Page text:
Similarities and DiscordSeptember 16, 2007
Part 1: A Survey of Literature
First of a Multi-part series exploring the similarities and differences between Mormonism and Judaism. To some extent, the conclusions of this series will set the agenda for this blog.
Over the past few years, a number of Jewish Commentators have attempted to analyze the similarities between Mormonism and Judaism. For example, Rabbi Eric Silver at the 1983 Sunstone Symposium in Salt Lake delivered a paper entitled, “Mormonism and Judaism: Some Points of Tangency.” In 2000 Rabbi William Leffler and Frank Johnson (LDS) published “Jews and Mormons: Two Houses of Israel” via the Jewish publishing house KTAV. Both of these Rabbi, however, came from the liberal side of the Jewish spectrum and, though sensitive and sympathetic to Mormons, frankly had an interest in emphasizing differences. Further, there presentations were limited by a superficial understanding of Mormon theology, history and practice.
From the Mormon Side, Steven Epperson’s, “Mormons and Jews: Early Mormon Theologies of Israel as well as Steve’s follow up Sunstone Symposia sessions in 1993 and again in 1996 were fascinating tours de force on Joseph Smiths early and evolving views of Judaism but lack perspective on Modern Judaism and, again, suffer from some unfamiliarity with Jewish belief and practice.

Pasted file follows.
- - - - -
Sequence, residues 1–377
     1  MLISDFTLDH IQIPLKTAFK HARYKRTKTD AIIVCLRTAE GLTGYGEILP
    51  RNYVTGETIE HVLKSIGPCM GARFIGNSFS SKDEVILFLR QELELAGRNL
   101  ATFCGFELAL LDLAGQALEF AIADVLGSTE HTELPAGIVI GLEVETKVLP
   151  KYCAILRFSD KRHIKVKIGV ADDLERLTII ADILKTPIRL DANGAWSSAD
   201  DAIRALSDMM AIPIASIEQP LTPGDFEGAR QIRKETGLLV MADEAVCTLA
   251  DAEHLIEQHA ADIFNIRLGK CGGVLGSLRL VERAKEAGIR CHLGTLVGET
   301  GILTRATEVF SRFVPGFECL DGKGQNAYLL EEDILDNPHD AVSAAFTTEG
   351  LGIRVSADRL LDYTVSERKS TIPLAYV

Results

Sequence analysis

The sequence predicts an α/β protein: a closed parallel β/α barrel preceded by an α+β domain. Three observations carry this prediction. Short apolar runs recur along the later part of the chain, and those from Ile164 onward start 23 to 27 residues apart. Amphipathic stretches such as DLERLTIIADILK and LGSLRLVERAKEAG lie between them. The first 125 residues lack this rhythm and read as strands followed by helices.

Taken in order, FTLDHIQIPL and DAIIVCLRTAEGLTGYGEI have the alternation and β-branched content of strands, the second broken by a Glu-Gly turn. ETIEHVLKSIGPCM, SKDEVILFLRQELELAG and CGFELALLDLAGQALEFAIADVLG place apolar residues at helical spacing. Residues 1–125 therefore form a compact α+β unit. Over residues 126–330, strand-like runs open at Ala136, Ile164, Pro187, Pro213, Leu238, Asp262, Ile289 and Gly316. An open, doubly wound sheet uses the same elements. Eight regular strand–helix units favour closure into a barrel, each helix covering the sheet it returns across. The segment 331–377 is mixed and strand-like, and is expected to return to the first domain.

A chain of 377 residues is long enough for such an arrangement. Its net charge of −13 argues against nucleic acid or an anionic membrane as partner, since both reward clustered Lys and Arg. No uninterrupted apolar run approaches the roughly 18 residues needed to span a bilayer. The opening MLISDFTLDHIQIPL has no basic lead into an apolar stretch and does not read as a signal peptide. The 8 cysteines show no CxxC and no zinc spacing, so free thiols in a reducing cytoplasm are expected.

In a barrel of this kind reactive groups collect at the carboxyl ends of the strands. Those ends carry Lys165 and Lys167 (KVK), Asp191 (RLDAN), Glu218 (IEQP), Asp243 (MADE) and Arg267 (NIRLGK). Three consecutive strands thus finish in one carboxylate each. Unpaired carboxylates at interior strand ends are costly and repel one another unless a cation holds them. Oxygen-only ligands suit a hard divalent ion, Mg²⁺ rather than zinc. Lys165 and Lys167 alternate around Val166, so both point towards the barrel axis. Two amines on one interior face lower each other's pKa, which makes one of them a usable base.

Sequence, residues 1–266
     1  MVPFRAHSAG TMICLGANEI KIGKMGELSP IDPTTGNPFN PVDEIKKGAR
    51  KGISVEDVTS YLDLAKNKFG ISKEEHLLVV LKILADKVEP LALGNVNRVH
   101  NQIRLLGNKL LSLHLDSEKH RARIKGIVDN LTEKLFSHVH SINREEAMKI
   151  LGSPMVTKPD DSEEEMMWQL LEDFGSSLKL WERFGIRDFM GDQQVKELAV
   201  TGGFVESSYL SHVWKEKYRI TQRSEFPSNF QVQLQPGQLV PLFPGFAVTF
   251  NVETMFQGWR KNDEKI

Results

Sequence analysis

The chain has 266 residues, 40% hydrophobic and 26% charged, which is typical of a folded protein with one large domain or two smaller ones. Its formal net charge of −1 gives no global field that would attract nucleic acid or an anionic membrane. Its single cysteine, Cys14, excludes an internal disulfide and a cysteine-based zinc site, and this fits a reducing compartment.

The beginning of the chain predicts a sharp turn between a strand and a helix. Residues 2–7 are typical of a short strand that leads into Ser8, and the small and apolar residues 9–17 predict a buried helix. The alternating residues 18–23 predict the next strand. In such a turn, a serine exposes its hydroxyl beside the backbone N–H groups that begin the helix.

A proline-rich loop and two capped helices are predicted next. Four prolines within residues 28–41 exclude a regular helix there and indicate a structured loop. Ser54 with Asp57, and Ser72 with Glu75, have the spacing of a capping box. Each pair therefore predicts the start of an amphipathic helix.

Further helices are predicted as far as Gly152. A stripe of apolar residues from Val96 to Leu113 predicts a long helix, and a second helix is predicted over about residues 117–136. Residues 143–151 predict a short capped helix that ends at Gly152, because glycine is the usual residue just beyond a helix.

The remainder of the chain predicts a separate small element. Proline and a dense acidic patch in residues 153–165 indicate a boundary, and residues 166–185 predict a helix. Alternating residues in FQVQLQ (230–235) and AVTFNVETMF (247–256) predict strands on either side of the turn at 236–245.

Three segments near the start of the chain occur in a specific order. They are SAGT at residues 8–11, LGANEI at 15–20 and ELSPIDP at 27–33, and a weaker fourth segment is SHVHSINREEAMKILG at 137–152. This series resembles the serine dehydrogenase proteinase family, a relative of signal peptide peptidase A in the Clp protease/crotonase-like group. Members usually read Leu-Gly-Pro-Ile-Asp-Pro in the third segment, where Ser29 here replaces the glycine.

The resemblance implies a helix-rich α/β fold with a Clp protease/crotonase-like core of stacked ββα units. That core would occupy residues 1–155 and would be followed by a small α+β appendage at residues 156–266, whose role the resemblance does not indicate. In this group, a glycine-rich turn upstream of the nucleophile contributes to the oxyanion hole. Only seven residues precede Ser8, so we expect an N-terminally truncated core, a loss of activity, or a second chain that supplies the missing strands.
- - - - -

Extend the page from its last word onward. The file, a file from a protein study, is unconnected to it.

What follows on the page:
Epperson argues that though Joseph Smith came from a general frontier Christian mileu and early Mormonism emphasized that environment, Joseph evolved toward a more Hebraic understanding of the Bible, the Kindom of God and the universe in general. Thus, throughout the prophet’s life, Mormonism became less Christian and more “Jewish” each succeeding year. For Epperson, this was at least in part due to the influence of two Jews on Joseph’s thought: His Hebrew instructor, Rabbi Joshua Seixas and his friend, Mormon Convert, Alexander Neibauer (Hugh Nibley’s Maternal grandfather). Further, Epperson maintains that Joseph saw God’s Covenant with Israel as fully in force, as active yet separate from Mormonism. I generally agree with Epperson. It is precisely these views that allow me to be so confortable with Mormonism yet still faithful to my Jewish heritage and faith.